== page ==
In eight months since the onset of Covid-19, over 47,000 scientific papers dealing with the disease have appeared in journals. This translates into about 5,875 papers per month. It took 20 years to have the same number of publications on the discovery of the human genome.
This rate of scientific enquiry is unprecedented. More than half the publications deal with the key features of innate (pre-existing, ready to attack) and adaptive (more potent and desired) arms of the immune response, and towards ascertaining the long-term B- and T-lymphocyte immunological memory against the Sars-CoV-2 virus.
The data generated has been helpful in forecasting the outcome of the disease, and developing effective strategies to control it. Five takeaways from these immunology-focused studies deserve mention.
First, on the antibody response. The initial burst of immunoglobulin M (IgM) and immunoglobulin A (IgA) response that appears around day seven of the onset of symptoms starts to decline from week four onwards, reaching near zero levels soon after. The much-needed immunoglobulin G (IgG), which also acts as the virus neutralisation antibody, starts to appear by day 10, reaching a peak between weeks five and eight and then slowly goes on the decline, three months onwards.
The short-lived antibody response, however, is no cause for concern. Antibody responses almost always decline following the initial phase of infection because most of the B-cells that secrete them or their precursors (called plasma cells) are short-lived.
Yet, there is a small-but-effective pool of long-lived B-cells that maintain immunological memory to the same pathogen. These are enough to produce highly potent neutralising antibodies to protect against subsequent infection.
The second is the question regarding the titer of antibodies — a test that measures the quantity and variety of antibodies — and whether this relates to the initial viral load or disease severity. This is relevant given the observed broad Covid-19 spectrum, with mild or asymptomatic disease on the one hand, and the more severe variety on the other, with overlapping clinical symptoms in between.
A study published in Nature revealed that antigen burden is indeed a major driver of the magnitude of the immune response. The highest titers of neutralising antibodies were noted in recovered patients with more severe disease. Those with mild or asymptomatic disease ended up having antibodies with not only low titers but also low viral neutralising activity against the receptor binding domain (RBD) of the viral S protein.
The third important issue relates to the cellular arm of the adaptive immunity to Sars-CoV-2, critical both for vaccine development and for instituting infection control measures. Like antibodies, the magnitude of T-cell response, encompassing both helper and killer T-cells, is also discordant among individuals and influenced by disease severity.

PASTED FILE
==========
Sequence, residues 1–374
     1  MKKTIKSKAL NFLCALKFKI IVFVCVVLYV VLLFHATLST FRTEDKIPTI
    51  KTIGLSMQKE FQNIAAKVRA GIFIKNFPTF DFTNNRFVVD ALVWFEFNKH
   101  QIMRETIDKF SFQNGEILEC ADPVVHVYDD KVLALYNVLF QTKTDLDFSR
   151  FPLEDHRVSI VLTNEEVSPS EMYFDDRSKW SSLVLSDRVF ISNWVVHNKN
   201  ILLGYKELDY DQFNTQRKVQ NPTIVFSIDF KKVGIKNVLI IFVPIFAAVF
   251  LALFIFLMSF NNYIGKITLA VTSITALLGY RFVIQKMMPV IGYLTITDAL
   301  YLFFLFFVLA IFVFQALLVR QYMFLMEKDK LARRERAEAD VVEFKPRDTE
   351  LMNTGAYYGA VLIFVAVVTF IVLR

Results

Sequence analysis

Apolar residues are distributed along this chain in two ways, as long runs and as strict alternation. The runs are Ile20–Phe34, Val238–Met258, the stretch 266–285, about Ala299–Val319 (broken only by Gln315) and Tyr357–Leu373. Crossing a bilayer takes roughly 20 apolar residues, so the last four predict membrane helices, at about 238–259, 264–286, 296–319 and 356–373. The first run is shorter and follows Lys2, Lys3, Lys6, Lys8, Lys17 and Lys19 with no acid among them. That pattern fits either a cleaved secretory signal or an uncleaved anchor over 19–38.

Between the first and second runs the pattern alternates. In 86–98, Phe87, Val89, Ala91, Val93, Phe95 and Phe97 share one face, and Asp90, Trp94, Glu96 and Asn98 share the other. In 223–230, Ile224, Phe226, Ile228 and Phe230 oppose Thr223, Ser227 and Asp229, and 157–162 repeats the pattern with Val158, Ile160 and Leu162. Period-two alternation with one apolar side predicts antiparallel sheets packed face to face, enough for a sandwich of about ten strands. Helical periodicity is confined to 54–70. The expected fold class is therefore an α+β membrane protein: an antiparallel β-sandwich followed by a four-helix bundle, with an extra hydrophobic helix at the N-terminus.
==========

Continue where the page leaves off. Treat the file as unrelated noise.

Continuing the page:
Early on in the infection, virus specific T-cells start to appear reaching their peak within two weeks. However, their numbers start to decline in six to seven weeks by which time IgG antibody reaches its peak.
Like antibodies, Sars-CoV-2 specific memory T-cells are generated across the disease spectrum, which remain in circulation in small but sufficient numbers for long periods, and mount a more aggressive recall response on further exposure to the same virus or during vaccination. They also exhibit antiviral cytokines and cytotoxic activities which are necessary for preventing recurrent severe infection. This might explain why re-infection in coronavirus is not common, barring a couple of anecdotal reports of mild illness.
The fourth is the issue of "cross-reactive immunity" between different coronaviruses since this will have a bearing on planning vaccination strategies. Using multiple experimental approaches, a paper published in Cell identified memory T-cells in almost 100% of patients recovering from Covid-19. These investigators were able to detect Sars-CoV-2 reactive helper T-cells in 40%-60% of healthy, unexposed individuals, suggesting cross-reactive T-cell recognition between the circulating "common cold" coronaviruses and SARS-CoV-2.
Whether these cross-protective T-cells can prevent SARS-CoV-2 infection remains to be determined. But experts argue that any degree of cross-protective coronavirus immunity in the population could have an impact on the overall course of the pandemic and the dynamics of epidemiology for years to come.
The fifth question is how and when herd immunity can be achieved and at what cost. It literally means at least 50% of the population needs to get immune to the virus, either through overcoming natural infection or through vaccination, so as to stop a further outbreak. Past experience with flu epidemics indicates that natural herd immunity is usually attained with two to three cycles of infection with seasonal strains.
Covid-19 does not fall in the same category because with an infection fatality rate of 0.3-1.3 percent, this could translate into several-fold more infections and at least 10-fold more deaths which would be a high price to pay.
Vaccines alone are the safest way to achieve herd immunity to the virus. Until that happens, our safest bet is to adopt the MHD social vaccine — mask, handwash and social distancing — in our daily lives.
Narinder Kumar Mehra is Indian Council of Medical Research emeritus scientist (Hon) and former dean of the All India Institute of Medical Sciences, New Delhi.
Disclaimer: This article first appeared on Hindustan Times, and is published by special syndication arrangement